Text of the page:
Surprisingly, he was rubbing the sheets with more zeal than the rest of them, as if he was actually enjoying it.

At some point, he passed by me to go to the toilet. He saw what I was reading.

«Nettlau, huh? You should read Howard Zinn. He’s much more reputable”, granpda told me.

It was not easy to find someone to talk with in the camp. So I told him to leave the baking sheets for a bit and have a coffee with me.

“I’ll help the others finish and then we’ll have a coffee”, he said and briskly went back to work.

I liked his way. I closed the book and joined them. “Let me show you a way to clean them in half the time”, I told them.

Laundry detergent dissolves fats faster. That’s something you learn with experience.


Petros and I took a sit at the restaurant.

“So”, I asked him, “how old are you?” “I’ll turn thirty-six next month.” “Thirty-six! (I was only twenty-two) And why didn’t you enlist earlier? Draft dodger?” “I’ll only do a six-month service. I was studying in Chicago till last year.”
“You were studying at the age of thirty-six? What are you? A heart surgeon or a nuclear scientist?” “The second”, he said.

I was only kidding. It was the first time I had ever met a nuclear scientist – and the last one up to now. To be honest, I didn’t believe him. But later I asked at the armoury and they confirmed.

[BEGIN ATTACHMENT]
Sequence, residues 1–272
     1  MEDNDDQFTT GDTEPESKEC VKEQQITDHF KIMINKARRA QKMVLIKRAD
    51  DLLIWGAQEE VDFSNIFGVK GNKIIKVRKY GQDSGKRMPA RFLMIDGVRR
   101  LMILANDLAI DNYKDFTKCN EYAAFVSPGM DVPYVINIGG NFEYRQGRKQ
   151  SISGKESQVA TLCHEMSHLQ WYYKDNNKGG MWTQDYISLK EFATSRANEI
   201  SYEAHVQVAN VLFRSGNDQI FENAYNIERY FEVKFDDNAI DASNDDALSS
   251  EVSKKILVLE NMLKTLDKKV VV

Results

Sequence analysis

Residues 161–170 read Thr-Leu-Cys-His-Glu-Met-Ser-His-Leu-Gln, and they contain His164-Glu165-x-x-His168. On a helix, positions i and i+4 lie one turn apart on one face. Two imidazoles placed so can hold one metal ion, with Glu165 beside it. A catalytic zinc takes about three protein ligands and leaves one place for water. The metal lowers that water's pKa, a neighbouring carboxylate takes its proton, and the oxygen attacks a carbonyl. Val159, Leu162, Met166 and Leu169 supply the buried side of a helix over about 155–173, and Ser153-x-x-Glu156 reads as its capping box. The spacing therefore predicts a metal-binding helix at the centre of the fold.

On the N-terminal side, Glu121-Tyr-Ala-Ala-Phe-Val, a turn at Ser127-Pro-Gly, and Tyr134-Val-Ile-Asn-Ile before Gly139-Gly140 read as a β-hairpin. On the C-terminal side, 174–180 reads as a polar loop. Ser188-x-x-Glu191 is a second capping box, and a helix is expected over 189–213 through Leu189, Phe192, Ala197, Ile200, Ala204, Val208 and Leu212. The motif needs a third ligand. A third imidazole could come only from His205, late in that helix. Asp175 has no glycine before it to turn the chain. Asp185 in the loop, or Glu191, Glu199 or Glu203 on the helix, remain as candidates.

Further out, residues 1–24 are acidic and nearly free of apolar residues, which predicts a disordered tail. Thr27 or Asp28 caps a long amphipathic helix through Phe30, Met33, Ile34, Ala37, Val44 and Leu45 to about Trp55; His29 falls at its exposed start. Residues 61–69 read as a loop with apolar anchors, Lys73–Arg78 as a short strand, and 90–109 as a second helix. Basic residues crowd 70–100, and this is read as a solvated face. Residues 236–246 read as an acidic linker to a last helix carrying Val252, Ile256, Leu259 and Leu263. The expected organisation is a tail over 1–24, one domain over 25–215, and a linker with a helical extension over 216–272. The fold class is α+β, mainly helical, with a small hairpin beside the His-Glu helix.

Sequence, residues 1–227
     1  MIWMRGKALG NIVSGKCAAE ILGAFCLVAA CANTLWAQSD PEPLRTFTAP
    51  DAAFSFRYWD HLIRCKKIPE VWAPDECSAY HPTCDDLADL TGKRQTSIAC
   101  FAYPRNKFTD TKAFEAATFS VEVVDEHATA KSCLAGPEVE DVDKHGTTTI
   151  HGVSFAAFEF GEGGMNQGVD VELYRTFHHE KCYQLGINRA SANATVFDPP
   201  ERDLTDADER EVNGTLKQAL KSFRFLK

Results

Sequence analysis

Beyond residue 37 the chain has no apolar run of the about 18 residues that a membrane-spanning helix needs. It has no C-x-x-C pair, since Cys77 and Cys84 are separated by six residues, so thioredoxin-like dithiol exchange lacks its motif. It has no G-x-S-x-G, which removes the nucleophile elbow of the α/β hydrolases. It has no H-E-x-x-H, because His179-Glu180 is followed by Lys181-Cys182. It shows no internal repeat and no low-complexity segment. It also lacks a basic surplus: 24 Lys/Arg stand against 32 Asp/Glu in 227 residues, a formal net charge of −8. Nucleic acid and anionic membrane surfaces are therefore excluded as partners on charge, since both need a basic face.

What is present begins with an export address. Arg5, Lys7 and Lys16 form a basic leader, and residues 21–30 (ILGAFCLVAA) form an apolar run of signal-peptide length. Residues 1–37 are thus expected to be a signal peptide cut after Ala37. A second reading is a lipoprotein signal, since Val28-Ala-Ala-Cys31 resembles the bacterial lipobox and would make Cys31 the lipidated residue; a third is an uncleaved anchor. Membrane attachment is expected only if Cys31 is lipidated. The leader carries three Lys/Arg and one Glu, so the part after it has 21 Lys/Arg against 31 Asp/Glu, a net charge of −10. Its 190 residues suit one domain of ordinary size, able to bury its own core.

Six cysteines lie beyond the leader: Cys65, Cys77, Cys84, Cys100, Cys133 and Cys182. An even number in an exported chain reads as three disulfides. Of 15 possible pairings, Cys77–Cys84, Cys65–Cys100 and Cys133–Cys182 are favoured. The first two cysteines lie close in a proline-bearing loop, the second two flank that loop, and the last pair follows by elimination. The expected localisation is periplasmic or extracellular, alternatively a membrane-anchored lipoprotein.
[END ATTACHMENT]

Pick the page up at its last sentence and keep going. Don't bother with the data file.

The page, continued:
This is one of the most absurd things in the military or rather in society in general. We find a nuclear scientist and what do we do with him? We have him rub our baking sheets.

He liked manual chores, cleaning toilets, swabbing, repairing stuff. He didn’t want an office job.

He spoke to our seniors about his studies only once. That was after a fifty-year-old warrant officer insulted him. Petros’s response was: “Mister Chatzipanagos. With my intelligence and my degrees, if I was your age, I’d be at least a Vice Admiral in the Greek navy.”

He had his afternoon pass suspended for a few days after this.


I really liked speaking with Petros. He was not just educated, he was cultured. He knew things about music and cinema, he had read a lot of literature, he had lived an intense life.

But we had our most important discussion the night we took the ship to Athens together, Petros just for the weekend and I on pre-discharge leave.

The ship left Suda at eight in the evening and would arrive in Piraeus in the morning. It was a good ship for soldiers. It was big and there were many places to unfold a sleeping bag and get some shut eye.

It was perfect in the summer with all those tourist girls sleeping on the deck.


I had made my supplies for the trip. One kilo and a half of rakia, brought to me by mister Michalis, a civilian in the naval base –God bless him, if he’s still alive. That rakia was more transparent than water. You could drink as much as you wanted without waking up with a hangover the following day.